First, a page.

Pretty Rosebud: Chuti Tiu and Oscar Torre Discuss Emotional Film
While working on various film and television projects, actress Chuti Tiu was motivated to write a story about the reflecting values of women in Asian-American culture. Together with actor/director (and real-life husband) Oscar Torre they’ve brilliantly captured that vision as well as the essence of crossing from one stage of life to the next with their emotional new film, Pretty Rosebud.
In Pretty Rosebud Tiu plays the role of Cissy Santos, a career driven woman desperately searching for what will truly make her happy and in the process makes questionable decisions and encounters family rebellion. Moving and at times controversial, the film explores the traditional roles of women in immigrant culture and what happens when those expectations are ignored. Pretty Rosebud also stars Kipp Shiotani as Cissy’s out of work husband Phil, himself going through a transitional struggle of his own.
In addition to his supporting role, Oscar Torre shines in his directorial debut. With no formal education in film production but having spent countless hours on set as an actor, Torre delivers a true sense of Tiu’s flawed, believable characters going through transition. A coming of age for adults and a passion project for both Tiu and Torre, Pretty Rosebud takes a personal, intimate look at family rebellion and infidelity. More importantly, it’s a story about about striving to find your own voice.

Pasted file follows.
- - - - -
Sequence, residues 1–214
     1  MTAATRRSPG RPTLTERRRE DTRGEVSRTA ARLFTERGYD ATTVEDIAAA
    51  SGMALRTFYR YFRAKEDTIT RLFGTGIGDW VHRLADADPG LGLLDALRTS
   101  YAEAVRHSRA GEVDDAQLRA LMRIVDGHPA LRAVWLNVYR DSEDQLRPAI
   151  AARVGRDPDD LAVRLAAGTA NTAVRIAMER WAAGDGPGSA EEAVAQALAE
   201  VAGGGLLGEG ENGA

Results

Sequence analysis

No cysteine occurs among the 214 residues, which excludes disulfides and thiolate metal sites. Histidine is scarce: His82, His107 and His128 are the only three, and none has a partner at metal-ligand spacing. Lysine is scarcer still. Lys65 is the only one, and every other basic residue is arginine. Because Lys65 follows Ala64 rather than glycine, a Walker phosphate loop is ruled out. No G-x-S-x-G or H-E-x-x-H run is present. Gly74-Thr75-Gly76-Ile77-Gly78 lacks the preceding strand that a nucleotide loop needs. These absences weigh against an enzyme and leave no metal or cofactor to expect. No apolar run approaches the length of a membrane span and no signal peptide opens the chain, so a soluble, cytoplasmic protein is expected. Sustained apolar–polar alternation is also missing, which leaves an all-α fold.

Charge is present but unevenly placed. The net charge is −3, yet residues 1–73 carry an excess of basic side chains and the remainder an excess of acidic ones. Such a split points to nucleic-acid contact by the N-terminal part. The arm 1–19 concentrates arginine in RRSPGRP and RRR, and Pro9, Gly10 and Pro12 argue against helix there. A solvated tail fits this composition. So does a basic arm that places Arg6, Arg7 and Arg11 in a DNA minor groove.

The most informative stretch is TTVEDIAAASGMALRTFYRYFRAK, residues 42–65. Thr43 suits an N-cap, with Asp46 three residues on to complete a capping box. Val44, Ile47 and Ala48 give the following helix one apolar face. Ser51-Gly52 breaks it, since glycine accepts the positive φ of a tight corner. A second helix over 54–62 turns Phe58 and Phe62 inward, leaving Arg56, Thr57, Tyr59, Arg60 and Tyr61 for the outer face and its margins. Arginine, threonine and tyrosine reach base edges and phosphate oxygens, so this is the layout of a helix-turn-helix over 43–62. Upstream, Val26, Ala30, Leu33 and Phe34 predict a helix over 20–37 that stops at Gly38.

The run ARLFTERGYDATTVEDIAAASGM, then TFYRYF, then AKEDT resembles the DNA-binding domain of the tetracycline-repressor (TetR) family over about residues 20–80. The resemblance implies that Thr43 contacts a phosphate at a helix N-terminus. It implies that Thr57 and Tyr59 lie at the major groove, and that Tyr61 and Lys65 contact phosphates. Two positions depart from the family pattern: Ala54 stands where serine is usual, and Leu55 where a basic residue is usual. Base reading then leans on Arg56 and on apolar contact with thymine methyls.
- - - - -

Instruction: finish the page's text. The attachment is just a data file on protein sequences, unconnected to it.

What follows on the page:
The film is set to premiere at the Reel World Film Festival in Toronto, Canada in early April to be followed by a theatrical run in select cities across America. More festival and release dates will soon follow to make this must-see film accessible to all.
I spoke with Tiu and Torre about the making of Pretty Rosebud and more.
What inspired you to write the story?
Chuti Tiu (Tiu): In terms of values, I really wanted to explore the conflict between immigrant parents and first generation American born children. As children, we’re taught to follow the sometimes stereotypical pressures from family tradition, religion and culture. It’s only when we become adults that we realize it might not be something we want. Then there’s the idea of infidelity. When a man is unfaithful, society doesn’t seem to be as antagonistic as much as if it were a woman. I wanted to explore that as well.
Oscar, did you always plan to direct the film?
Oscar Torre (Torre): Originally, I hoped to just have a part as an actor, but as we started looking at directors and thinking about what we were looking for I began to think that it might be something I could do. I had never directed anything before and wasn’t sure if I wanted to take on that pressure and responsibility. Finally, I just threw it out there and to Chuti’s credit, we were both on the same page.
Tiu: I remember the first time Oscar read the script. He really loved it and wanted me to make it. Then as our relationship grew, he encouraged me more and more. I have to credit his encouragement and belief in me that it got done.
What was the filming process like?